Plan to limit unnecessary spine surgeries
Goal is to reduce costs, improve quality
Reliance National Insurance Company of New York City and the Marietta, GA-based National Spine Network (NSN) have joined forces to launch a pilot program aimed at helping employees make more informed decisions about possible spine surgery. Their goal: Reduce spine surgery costs by 20% to 40% annually, while improving quality of care.
The NSN is composed of 24 "Centers of Excellence" for spine care and member physicians orthopedists, neurosurgeons, and physiatrists (physical medicine/ rehab) located across the country. NSN Centers of Excellence include Atlanta’s Emory Spine Center; University Hospitals of Cleveland (OH)/Case Western Reserve; Thomas Jefferson University in Philadelphia; and Georgetown University Hospital in Washington, DC.
"We are focused on treating the patient from a non-operative perspective," explains Alana Brody, MBA, director of network development for NSN. "Patients are evaluated for appropriate nonoperative treatment including the use of active modalities like physical therapy, as well as nonsteroidal anti-inflammatory medications and steroidal injections administered under X-ray."
Partnering with NSN was a logical move for Reliance, says Richard Eskow, vice president of managed care. "We wanted to do this program with true centers of excellence. We want to help the [managed care] industry go from discount medicine to high-quality medicine, which will have a better impact in the long run," he explains.
Neither Eskow or Brody denies that part of what makes the program so attractive is that it can help save significant amounts of money for clients and patients. "Workers’ comp patients are typically the individuals who will use the program," notes Brody. "It can help them to get back to work more quickly in addition to reducing direct medical expenses, which represent 25% to 35% of all workers’ comp costs. The rest of the costs come from litigation and disability claims."
"We feel that back injury is such a large percentage of both workers’ comp medical and indemnity costs, and there’s so much research to indicate that there are unnecessary surgeries being performed that have negative outcomes for patients and the system," adds Eskow.
Brody is confident the program will work. In fact, she says, while this is the first such program launched by the entire network, members at both Georgetown and Emory have had great success with independent programs. "We have found that in many cases, patients who are recommended for surgery don’t have a full understanding of what that purpose is intended to be. The combined experience of our network physicians indicates that when they truly do understand, 20% to 40% of the time they will choose not to have surgery," she says.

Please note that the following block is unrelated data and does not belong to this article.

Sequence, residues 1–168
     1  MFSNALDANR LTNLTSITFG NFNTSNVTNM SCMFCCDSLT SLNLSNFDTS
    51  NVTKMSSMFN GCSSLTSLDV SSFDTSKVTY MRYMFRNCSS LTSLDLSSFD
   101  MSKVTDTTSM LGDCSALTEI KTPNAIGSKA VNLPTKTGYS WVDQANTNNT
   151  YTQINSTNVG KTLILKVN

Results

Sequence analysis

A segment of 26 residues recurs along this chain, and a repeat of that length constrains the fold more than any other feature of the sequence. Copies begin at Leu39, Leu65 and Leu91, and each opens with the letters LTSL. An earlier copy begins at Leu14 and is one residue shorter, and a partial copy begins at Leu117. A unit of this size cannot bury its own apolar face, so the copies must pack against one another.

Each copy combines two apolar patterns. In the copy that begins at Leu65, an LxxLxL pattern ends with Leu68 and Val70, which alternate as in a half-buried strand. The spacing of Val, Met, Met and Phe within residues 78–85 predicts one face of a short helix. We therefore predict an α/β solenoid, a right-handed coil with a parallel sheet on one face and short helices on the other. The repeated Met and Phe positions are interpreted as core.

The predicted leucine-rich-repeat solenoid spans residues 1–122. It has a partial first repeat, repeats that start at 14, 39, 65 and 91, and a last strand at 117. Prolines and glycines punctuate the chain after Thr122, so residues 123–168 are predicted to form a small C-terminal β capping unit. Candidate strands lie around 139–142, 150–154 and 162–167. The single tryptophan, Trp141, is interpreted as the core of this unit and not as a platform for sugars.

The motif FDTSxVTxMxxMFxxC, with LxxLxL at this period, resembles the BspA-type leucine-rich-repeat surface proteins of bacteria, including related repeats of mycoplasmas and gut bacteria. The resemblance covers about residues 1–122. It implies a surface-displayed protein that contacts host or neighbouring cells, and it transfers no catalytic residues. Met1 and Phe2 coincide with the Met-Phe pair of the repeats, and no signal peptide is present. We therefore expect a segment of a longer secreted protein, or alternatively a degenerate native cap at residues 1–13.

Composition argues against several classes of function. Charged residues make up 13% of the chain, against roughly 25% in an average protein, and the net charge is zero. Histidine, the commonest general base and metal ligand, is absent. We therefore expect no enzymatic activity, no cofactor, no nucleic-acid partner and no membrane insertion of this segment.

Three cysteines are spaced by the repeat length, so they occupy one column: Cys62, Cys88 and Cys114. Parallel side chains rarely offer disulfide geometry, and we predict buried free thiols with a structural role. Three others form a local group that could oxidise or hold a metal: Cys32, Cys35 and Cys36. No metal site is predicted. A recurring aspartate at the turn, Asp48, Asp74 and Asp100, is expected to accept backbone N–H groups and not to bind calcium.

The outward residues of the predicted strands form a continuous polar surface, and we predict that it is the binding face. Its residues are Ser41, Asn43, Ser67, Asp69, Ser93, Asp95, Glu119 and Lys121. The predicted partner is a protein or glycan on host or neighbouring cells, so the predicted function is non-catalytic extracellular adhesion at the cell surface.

Brody provides this real-life example of how the program works. A woman she calls Patient "X," a 22-year-old female with a pre-existing spinal condition who works in a nursing home, aggravated the problem while on the job. She went to a physician in her community, and after the first visit, he told her she did not require surgery. Then, she met with a lawyer to explore her options under workers’ compensation. When the surgeon found out she had seen a lawyer, he decided to proceed with the surgery to avoid possible litigation later on. She was subsequently evaluated at an NSN center and told that surgery could cause her to have pain for the rest of her life. She returned to work within a week and is receiving physical therapy. After a conference between her physician and the case manager, she has been put on light duty.
"We call this informed patient decision- making,’" says Brody. "We give the patient as much information as possible, so they can more fully understand their condition and treatment options. We’ve found that patients have better outcomes when they make the choice, when they are part of the process."
"This process fits with what we are trying to do," adds Eskow. "We want to make sure the injured worker has someone they can communicate with at all times during the process. We assign our own case managers, and then when the employee enters the program, a back specialist case manager is added to the team, which provides all-important continuity."
Following this initial pilot program, Reliance plans to offer spine surgery evaluation to all of its insureds as part of its overall health care coverage. "We know we will save money and have better outcomes; the NSN will work with us to quantify and measure the savings, and eventually, they will be passed back to the members," says Eskow. The baseline data is already lined up, he says, and he believes that "within a quarter" he will be able to quantify real savings.
He also sees additional employee health benefits. "This program makes clear to the employees that they are getting top quality service, which will improve morale and state of mind as we know is a big part of the curative process, especially where back pain is concerned," he observes. "And a high quality of care will get people healthier more quickly, which will result in cost savings. A lot of managed care companies are pennywise and pound foolish; you need to get an injured worker to the best person possible as quickly as possible."
[Editor’s Note: For more information, contact: Alana Brody, National Spine Network, 1 Concourse Parkway, Suite 750, Atlanta, GA 30328. Telephone: (770) 509-5341. Fax: (770) 804-5852.]